SOUTHERN CITY — Since the demons’ invasion began, survivors across the world have whispered rumors of a “woman in black,” who fights against the demons with seemingly supernatural powers. Now, Cpl. Michael Nash of the East Coast Resistance sits down with the Daybreak Times to give the first confirmed report of this mysterious savior.
Nash meets us in the blasted remains of a cafe on 4th and Main, salvaging some coffee beans from behind the counter and brewing us a cup with the hot plate from his kit. The Resistance has evacuated most of the city, but Nash and a few others have stayed behind to continue searching for any remaining survivors. He walks with a slight limp as he joins us at the table, adjusting the fresh bandage around his leg. “That’s the second shot I took today,” he tells us, then pulls down his collar to show us a huge circular scar just above his sternum. “This is the one that should’ve killed me.” The scar is still bright red, but the wound looks as if it’s been closed for days. We ask him what happened, and he answers with one word: “Alicia.”
The night before, Nash explains, he joined Resistance commander Maxwell Cougar in a fight to retake a section of the 8 Freeway and clear the way for the evacuation. At the freeway’s eastern junction, their division came under fire from a pack of demonic Geist soldiers. The Resistance fighters opened fire, but were outgunned – until a newcomer joined the battle.
“She was dressed all in black,” says Nash, “all leather and lace, like a fantasy heroine. And she had this long gun, longer than she was tall, shaped like a broom.” With her help, the Resistance fighters drove off the demons.
“I’d heard the stories about her,” Nash says. “I mean, who hasn’t? I’d just thought they were fairy tales, something we made up to give ourselves a little hope, you know? But there she was.”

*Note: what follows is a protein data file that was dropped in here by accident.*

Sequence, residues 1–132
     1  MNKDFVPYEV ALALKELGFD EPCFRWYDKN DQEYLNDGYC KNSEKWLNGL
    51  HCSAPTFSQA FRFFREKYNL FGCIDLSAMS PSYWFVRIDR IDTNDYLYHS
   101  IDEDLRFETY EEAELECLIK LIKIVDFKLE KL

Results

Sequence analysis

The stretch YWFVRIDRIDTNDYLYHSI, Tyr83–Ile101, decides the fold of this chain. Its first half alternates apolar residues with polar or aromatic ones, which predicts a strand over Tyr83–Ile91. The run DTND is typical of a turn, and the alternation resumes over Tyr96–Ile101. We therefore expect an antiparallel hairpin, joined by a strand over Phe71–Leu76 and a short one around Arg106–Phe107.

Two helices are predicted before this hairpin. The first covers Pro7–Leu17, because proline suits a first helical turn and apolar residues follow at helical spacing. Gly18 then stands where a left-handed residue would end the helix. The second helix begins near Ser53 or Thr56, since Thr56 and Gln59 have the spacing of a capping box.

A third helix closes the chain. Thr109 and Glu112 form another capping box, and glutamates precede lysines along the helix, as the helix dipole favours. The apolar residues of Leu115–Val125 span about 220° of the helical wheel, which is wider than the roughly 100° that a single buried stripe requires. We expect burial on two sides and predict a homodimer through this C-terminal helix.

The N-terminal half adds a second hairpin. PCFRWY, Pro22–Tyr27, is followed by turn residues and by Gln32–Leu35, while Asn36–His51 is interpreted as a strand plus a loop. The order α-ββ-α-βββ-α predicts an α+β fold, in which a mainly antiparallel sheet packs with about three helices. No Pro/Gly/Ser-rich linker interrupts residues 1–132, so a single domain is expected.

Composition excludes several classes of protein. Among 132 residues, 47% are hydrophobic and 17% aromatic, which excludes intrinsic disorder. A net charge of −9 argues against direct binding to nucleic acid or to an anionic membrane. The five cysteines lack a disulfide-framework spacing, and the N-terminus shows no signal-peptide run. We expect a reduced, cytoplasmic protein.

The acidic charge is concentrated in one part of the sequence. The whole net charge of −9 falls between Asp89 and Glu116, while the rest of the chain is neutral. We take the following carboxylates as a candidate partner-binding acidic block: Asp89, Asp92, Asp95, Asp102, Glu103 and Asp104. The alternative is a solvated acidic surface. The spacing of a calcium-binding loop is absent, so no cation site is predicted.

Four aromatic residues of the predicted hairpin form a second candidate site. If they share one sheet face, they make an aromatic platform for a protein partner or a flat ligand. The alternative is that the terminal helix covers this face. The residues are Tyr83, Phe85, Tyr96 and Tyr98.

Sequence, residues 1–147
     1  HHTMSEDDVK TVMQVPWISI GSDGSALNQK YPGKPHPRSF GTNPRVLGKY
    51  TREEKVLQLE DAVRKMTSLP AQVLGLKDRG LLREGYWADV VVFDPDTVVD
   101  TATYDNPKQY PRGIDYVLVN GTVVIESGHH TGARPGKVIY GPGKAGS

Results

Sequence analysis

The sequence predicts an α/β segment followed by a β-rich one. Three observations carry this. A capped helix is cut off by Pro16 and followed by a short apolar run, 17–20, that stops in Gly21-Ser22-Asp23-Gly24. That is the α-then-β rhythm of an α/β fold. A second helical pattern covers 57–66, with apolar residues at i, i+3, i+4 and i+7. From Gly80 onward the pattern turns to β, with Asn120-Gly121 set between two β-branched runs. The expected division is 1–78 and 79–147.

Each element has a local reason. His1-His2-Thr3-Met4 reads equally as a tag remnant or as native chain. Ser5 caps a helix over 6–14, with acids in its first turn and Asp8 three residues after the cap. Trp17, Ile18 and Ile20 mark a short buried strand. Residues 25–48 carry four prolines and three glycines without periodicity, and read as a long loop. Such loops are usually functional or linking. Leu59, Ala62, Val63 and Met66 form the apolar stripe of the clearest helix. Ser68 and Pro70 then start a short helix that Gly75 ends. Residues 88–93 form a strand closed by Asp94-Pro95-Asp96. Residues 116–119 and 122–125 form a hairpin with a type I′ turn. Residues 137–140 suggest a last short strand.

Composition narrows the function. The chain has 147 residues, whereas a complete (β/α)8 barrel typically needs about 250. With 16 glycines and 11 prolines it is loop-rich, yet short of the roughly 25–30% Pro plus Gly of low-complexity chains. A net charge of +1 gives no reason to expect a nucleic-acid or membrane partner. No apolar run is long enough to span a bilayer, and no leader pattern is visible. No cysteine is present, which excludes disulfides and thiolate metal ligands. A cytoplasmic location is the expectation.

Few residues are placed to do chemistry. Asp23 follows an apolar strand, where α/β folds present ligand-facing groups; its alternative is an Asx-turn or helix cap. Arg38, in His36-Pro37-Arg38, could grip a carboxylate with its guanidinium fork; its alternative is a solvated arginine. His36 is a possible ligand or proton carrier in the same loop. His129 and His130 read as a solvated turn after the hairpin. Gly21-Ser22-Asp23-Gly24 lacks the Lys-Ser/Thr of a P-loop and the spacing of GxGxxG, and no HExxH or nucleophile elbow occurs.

In the aftermath of the skirmish, Nash stood back while his commanding officer Cougar approached the newcomer. “I didn’t hear much of what they said,” Nash continues. “She had a real quiet voice, almost a whisper. But I did catch her name, Alicia.” After a short conversation, Cougar assigned Nash and another soldier, Cpl. Rodney Jones, to act as Alicia’s bodyguards on her trek through the city.
“I knew where we were heading,” Nash says. “We hadn’t even begun to clear out that part of the city yet, but she marched right in — and she would have with or without us. Honestly, I think she barely even noticed we were there.”
The expedition came under fire almost immediately. “We turned one corner, and boom, they were everywhere,” Nash says. “A barricade to the left of us, a second squad in the store across the street, snipers on the rooftops, and a [expletive deleted] helicopter.” Nash takes a breath and cracks a smile as he describes what happened next.
“She didn’t even flinch. She threw what I thought were grenades at the barricade and the store windows. Turned out they were rose petals — and then these giant thorns came out of the ground, impaled the Geists and set them on fire. Then she spun her gun around, turned it into a sniper rifle, made it glow somehow, and plinked those snipers right off the roof. And then,” he continues, barely taking a breath, “when the helicopter got close enough, I swear to God she summoned lightning and just blew it the hell up.
“That wasn’t even the end of it,” Nash goes on. “See, a few of the Geists had bailed out of the chopper before it blew. But before they could get back on their feet, she waved her arm and called up this giant flock of ravens. They started swarming the Geists — not us, just the Geists — and so Jones and I just splattered the Geists while they were all flailing around.”
All but one, Nash clarifies. One Geist, who’d kept its head down up to that point, popped out of hiding and unloaded on the trio with a wild spray. By the time Alicia and her bodyguards had cut the demon down, a bullet had blown through Nash’s clavicle.
“I thought I was dead,” Nash says. “I couldn’t breathe, I couldn’t see. But then I felt something warm wash all over me. I opened my eyes, and there she was. She’d sliced her palm open with her fingernail, and her blood — it wasn’t just dripping on me, it was spraying everywhere, and it healed me somehow. I got right back up like nothing happened. I thanked her, but she didn’t say anything back. She just kept going.”
An officer calls out to Nash from across the street, and he apologizes for cutting the conversation short. He leaves us with a wave, a cup of coffee, and a glimmer of hope for humanity’s future.